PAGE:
Factors affecting Yemeni street children
Aged between 6 and 18, Street children can be categorized according to their type of work, the time of day they work and their living situation.
Most children working or begging part of the day or night are enrolled in school. They study in the morning and work or beg at night, returning home to spend the night with their family.
Children who work during the day usually are school dropouts or those who didn’t attend school at all. Most are from rural areas and live away from their family. They either come to cities with relatives or alone and spend the night in inns or living in groups in apartments.
Yemeni street children work in the following professions:
• Street vendors selling clothes, home appliances and other commodities on streets and at traffic lights/intersections.
• Car washers in street intersections and car parks.
• Porters carrying commodities on their shoulders or on carts working in general open markets and fruit and vegetable markets.
• Workers in restaurants and cafés.
• Fare collectors on buses.
All of the aforementioned jobs are done by male street children, while female children work selling various types of bread (maloug, kudam and lahouh) beside small specialized restaurants and markets and selling foodstuffs like eggs and potatoes. However, females represent only a small percentage of street children.
Whether male or female, Yemeni street children beg on streets, at intersections, bus stops, in front of mosques and other public places.
Numerous factors have led to the street children phenomenon’s increase in Yemen, including social factors related to family circumstances and educational and cultural backgrounds.
These include family differences regarding divorce, desertion, etc., unemployment of a family supporter or death of a family supporter, with the remaining family members’ inability to meet life demands, thus causing them to push children into the labor market to help meet their needs.
Among these are lack of clear philosophy for a developed education, lack of developed curricula and the fact that primary education doesn’t qualify children for the labor market, as well as vocational education’s inefficiency and its inability to handle more students desiring to join such institutions.
According to August 2005’s Education Pointers in Yemen issued by the Supreme Council for Education Planning (SCEP), the number of Yemeni students enrolled in vocational education represented 1.6 percent of total students enrolled in secondary education and 1.7 percent were enrolled in technical education among those students enrolled in universities.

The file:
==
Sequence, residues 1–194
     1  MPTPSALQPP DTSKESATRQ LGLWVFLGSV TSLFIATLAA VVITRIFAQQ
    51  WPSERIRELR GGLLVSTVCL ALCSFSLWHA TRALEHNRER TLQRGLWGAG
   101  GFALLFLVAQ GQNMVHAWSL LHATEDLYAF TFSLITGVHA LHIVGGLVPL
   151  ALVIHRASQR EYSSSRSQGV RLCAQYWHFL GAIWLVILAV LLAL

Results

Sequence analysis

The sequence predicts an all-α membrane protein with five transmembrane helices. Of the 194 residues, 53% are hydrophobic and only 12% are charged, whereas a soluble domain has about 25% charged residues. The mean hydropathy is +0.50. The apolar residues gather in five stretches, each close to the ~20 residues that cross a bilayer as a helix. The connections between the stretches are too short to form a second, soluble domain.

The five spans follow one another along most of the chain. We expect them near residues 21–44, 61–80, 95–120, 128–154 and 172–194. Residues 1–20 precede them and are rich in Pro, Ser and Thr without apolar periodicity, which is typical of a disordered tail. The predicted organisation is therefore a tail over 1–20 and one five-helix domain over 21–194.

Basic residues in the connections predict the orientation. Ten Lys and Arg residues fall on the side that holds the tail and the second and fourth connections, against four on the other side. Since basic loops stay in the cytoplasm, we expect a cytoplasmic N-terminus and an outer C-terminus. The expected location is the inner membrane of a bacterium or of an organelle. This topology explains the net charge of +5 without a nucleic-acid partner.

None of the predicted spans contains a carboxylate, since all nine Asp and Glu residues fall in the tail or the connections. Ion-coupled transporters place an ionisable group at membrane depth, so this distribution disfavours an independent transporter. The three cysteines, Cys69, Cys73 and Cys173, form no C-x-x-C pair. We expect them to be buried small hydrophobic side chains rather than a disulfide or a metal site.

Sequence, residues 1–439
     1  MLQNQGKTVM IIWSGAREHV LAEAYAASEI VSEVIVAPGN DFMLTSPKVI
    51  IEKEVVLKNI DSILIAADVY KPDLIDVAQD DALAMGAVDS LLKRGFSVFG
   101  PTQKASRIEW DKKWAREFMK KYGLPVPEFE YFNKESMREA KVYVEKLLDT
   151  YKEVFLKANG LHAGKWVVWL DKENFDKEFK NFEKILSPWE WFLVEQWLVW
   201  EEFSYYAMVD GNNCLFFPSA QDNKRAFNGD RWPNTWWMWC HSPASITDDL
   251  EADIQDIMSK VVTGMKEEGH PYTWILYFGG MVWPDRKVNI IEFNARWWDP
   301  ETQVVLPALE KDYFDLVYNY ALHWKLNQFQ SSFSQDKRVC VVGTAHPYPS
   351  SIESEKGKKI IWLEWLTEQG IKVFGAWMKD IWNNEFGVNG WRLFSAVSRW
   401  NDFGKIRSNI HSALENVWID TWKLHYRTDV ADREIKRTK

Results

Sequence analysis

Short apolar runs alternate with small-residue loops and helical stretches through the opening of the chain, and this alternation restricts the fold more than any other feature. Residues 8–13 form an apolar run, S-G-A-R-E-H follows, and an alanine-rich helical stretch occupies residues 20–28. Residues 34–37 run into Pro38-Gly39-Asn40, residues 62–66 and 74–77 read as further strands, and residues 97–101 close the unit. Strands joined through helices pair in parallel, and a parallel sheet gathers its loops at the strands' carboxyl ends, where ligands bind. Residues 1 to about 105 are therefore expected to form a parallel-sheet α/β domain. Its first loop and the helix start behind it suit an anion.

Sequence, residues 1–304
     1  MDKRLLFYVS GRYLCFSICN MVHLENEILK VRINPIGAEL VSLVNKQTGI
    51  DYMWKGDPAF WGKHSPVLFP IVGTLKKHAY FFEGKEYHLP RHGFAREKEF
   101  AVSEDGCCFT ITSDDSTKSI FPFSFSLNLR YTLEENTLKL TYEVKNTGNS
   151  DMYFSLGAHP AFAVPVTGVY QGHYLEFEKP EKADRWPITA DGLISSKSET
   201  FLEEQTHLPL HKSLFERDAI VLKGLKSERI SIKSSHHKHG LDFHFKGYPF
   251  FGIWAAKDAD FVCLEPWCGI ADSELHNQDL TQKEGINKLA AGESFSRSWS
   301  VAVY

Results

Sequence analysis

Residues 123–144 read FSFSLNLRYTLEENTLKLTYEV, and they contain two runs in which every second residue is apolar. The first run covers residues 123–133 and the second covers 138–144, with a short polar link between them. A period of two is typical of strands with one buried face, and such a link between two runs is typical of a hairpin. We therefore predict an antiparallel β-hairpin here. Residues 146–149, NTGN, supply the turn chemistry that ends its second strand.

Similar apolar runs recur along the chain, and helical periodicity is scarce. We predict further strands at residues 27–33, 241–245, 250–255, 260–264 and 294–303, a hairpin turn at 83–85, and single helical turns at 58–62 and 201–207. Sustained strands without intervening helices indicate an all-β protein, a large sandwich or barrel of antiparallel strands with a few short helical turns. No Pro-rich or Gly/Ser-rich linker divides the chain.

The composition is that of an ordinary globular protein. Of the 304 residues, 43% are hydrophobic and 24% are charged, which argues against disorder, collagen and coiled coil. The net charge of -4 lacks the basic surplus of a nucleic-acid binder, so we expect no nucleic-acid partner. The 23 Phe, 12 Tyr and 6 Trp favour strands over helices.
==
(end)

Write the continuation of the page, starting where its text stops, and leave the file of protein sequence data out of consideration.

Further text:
The spread of unemployment among university graduates and dire situations employees experience is leading students to abandon education and tend toward the open market.
Dominant customs and cultural factors
Yemen is a traditional society with a high illiteracy rate of approximately 55.7 percent, particularly among women. According to the SCEP, the figure is even higher, at 74.1 percent. Further, numerous inherited customs pay no attention to children’s mental and physical abilities.
Additionally, there’s a dominant culture in Yemen regarding making children work at a young age so they’ll become accustomed to it, with some families considering children working as early manhood. There’s also a complete absence of media, which should spread awareness of children’s rights and the risks involved in children working.
Effects of the street children phenomenon
1. Educational effects
Children’s educational levels are affected because they find no time to study, which may cause them to fail and subsequently, drop out.
A new study conducted by UNICEF and the Arab League addressing children’s situations in the Arab world indicates that approximately 7.5 million Arab children have no education. According to the SCEP, approximately 1 million Yemeni children aren’t in school, most of them female.
2. Economic effects
What children receive from their work is too little when compared to the effort they exert, let alone the lack of training and qualification enabling them to be in the labor market. Therefore, they can’t secure their future demands nor improve their living standard.
Increasing numbers of illiterate and unqualified children multiplies the state’s duties toward them and further deprives the nation of their role in achieving sustainable development.
3. Psychological and social problems
Street children acquire what’s called street culture, including a lot of bad and immoral language and bad habits like chewing qat, smoking and addictions. They also experience absence of care and protection needed at this early age, thus affecting them psychologically.
Violence against street children
Children working on streets are subjected to verbal abuse, violation and harassment, which hurts their feelings and demeans their humanity. They mostly experience such violence from their friends or adults, but sometimes from customers and even government officials.